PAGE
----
“It was so painful, I bled so much. I was so scared I thought I would die.”
Myat Noe* (name has been changed) was 28 years old and married with three children when she became pregnant with a fourth. She was working as a migrant worker in Thailand, picking flowers on a plantation for less than $120 a month. She and her husband were already struggling to put food on the table and keep a roof over their heads. It was not possible for them to afford another child and feed the other three.
Myat Noe was on birth control that had been distributed to their village by NGO health workers. She was not able to attend the meeting that taught villagers how to use it properly, because she could not afford to miss work. She took them improperly and fell pregnant. Many community members have never seen these forms of contraception. Almost everybody in the Burmese reproductive health community has heard stories about or has seen couples do things like put condoms on sticks or corn cobs thinking that they would ward off pregnancy because that is how the healthcare workers had demonstrated how to put a condcom on. Sometimes village stores have accidentally sold birth control pills by the day (if you have intercourse on Tuesday, you take the Tuesday pill, if you don’t do it again until Sunday, you just buy and take the Sunday pill), or just have no idea how to use them properly. Myat Noe was lucky enough to have the tools, but she did not know how to use them.
Abortion in Myanmar is illegal, and in neighboring in Thailand, it is only allowed in cases of rape (after a police investigation), to save a woman's life, if her physical or mental health is in danger, or if the mother is under 15 years old. However, laws mean nothing when there is desperation and somebody looking to profit from that desperation.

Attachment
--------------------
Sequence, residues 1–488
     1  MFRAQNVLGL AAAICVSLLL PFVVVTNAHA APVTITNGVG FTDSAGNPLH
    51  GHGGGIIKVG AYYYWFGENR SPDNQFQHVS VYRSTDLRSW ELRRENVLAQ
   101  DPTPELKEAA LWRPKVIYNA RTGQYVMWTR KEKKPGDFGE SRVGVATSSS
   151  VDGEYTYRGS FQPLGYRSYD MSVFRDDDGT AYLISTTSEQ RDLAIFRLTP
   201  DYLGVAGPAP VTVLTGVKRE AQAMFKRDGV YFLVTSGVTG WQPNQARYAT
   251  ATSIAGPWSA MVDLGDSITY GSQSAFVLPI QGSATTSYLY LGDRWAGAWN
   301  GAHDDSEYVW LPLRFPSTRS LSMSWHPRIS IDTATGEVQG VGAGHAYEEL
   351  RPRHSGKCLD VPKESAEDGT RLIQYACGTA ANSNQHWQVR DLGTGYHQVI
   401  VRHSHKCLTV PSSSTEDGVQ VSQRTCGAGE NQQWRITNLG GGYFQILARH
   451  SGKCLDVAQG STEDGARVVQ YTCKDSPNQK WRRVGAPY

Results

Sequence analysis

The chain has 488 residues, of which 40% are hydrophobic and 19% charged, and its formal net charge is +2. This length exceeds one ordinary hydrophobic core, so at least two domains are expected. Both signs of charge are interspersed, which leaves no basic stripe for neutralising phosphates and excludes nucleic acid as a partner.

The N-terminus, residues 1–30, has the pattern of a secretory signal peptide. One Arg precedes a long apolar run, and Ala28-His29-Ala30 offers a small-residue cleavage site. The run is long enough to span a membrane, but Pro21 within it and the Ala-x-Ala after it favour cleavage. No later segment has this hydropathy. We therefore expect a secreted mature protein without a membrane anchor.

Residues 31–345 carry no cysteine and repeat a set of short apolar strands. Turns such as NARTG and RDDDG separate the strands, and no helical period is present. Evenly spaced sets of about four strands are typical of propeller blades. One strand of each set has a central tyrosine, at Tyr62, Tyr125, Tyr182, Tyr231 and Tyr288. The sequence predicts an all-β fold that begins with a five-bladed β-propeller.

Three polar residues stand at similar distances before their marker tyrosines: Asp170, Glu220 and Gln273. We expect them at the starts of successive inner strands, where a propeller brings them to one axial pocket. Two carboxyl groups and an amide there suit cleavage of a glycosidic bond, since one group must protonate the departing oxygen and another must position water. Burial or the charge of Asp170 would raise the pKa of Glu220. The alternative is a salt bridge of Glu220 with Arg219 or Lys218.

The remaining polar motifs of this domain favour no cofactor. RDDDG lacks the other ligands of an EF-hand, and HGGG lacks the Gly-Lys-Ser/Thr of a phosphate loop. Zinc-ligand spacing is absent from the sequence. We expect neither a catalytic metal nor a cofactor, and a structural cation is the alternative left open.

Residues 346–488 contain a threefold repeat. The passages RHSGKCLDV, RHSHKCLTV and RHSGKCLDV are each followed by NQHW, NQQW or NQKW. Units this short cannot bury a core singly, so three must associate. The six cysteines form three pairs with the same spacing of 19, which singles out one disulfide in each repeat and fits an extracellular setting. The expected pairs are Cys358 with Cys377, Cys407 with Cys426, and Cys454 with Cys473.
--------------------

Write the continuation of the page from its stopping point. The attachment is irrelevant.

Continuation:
Myat Noe had gone to a team of 2 midwives in a nearby village. They proudly displayed their training certificates from various organizations along with pictures of General Aung San and Buddha on the walls of their tiny bamboo hut. They had been trained by NGO health teams to deliver babies, but not to abort them. That skill was taught to them by their grandmothers, and they had a considerable amount of practice.
“What we do is safe,” they assured me as well as Myat Noe. She claimed that they just give their patients a drink made of things “that you find in the market” to flush out the baby, and then do a massage to bring the baby out. She even grabbed a friend to demonstrate the massage, which looked like a marginally annoying tummy rub. She explained that they do not do anything after 3 months of pregnancy, but there are a lot of bad midwives. What these “bad women” do is use a pointy stick to stab the fetus to kill it and let it come out. Sometimes some of the baby stays in and causes infection, sometimes they perforate the woman’s uterus and she bleeds out and dies. “But I do not do something I would not do to my own daughter. My daughter got pregnant when she was 13. I gave her the drink and the massage – no more baby. I felt it was safe for her.”
Myat Noe had felt safe going there. They gave her the drink. Then they started the massage. This massage was not an annoying tummy rub. It was pummeling that is powerful enough to break the neck of a fetus, to sheer off a placenta and in some cases can cause a woman’s uterus to rupture. Myat Noe almost passed out from the pain. The midwives put “medicine” up into her uterus to “help”.
The next day Myat Noe started to bleed profusely and felt extremely sick. For several days, the bleeding and the feeling that her insides were being burned out didn’t get better. She was scared that she would die. A few days later, she went to the toilet and found some sticks that had come out of her. That was the last straw. She went to a local clinic, lied and told them that she had fallen and hurt herself and paid the equivalent of her monthly salary to have them fix her up.
Two months later she still had pains.
She was later able to identify the sticks (aka medicine) that came out of her as a local plant used to “poison” out fetuses. She said the she felt lucky because one girl in her village had tried to use it on herself once and ended up “burning herself out” and was in the hospital for over a month. Sometimes these sticks can also poke holes in a woman’s uterus and cause the woman to die. So in some ways, despite the pain, Myat Noe could be considered lucky.
– Allyse Pulliam